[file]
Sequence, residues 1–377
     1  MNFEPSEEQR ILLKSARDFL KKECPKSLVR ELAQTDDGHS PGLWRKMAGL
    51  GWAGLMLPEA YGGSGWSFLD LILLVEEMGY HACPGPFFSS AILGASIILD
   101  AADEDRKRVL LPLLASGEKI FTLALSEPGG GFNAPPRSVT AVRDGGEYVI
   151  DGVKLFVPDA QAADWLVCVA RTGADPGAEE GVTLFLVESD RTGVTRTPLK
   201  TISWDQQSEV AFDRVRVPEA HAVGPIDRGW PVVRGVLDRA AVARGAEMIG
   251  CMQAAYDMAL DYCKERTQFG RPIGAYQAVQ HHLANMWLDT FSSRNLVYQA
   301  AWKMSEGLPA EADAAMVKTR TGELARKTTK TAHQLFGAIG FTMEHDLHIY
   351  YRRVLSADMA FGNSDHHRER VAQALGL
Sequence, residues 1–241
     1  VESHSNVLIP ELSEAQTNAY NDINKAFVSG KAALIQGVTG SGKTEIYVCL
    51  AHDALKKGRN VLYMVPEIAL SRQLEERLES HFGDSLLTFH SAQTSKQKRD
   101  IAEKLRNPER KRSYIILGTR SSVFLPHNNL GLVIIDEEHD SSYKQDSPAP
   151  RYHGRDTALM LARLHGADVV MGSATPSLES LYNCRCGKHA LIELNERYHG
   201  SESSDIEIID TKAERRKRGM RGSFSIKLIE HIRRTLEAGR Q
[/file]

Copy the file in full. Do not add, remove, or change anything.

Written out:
Sequence, residues 1–377
     1  MNFEPSEEQR ILLKSARDFL KKECPKSLVR ELAQTDDGHS PGLWRKMAGL
    51  GWAGLMLPEA YGGSGWSFLD LILLVEEMGY HACPGPFFSS AILGASIILD
   101  AADEDRKRVL LPLLASGEKI FTLALSEPGG GFNAPPRSVT AVRDGGEYVI
   151  DGVKLFVPDA QAADWLVCVA RTGADPGAEE GVTLFLVESD RTGVTRTPLK
   201  TISWDQQSEV AFDRVRVPEA HAVGPIDRGW PVVRGVLDRA AVARGAEMIG
   251  CMQAAYDMAL DYCKERTQFG RPIGAYQAVQ HHLANMWLDT FSSRNLVYQA
   301  AWKMSEGLPA EADAAMVKTR TGELARKTTK TAHQLFGAIG FTMEHDLHIY
   351  YRRVLSADMA FGNSDHHRER VAQALGL
Sequence, residues 1–241
     1  VESHSNVLIP ELSEAQTNAY NDINKAFVSG KAALIQGVTG SGKTEIYVCL
    51  AHDALKKGRN VLYMVPEIAL SRQLEERLES HFGDSLLTFH SAQTSKQKRD
   101  IAEKLRNPER KRSYIILGTR SSVFLPHNNL GLVIIDEEHD SSYKQDSPAP
   151  RYHGRDTALM LARLHGADVV MGSATPSLES LYNCRCGKHA LIELNERYHG
   201  SESSDIEIID TKAERRKRGM RGSFSIKLIE HIRRTLEAGR Q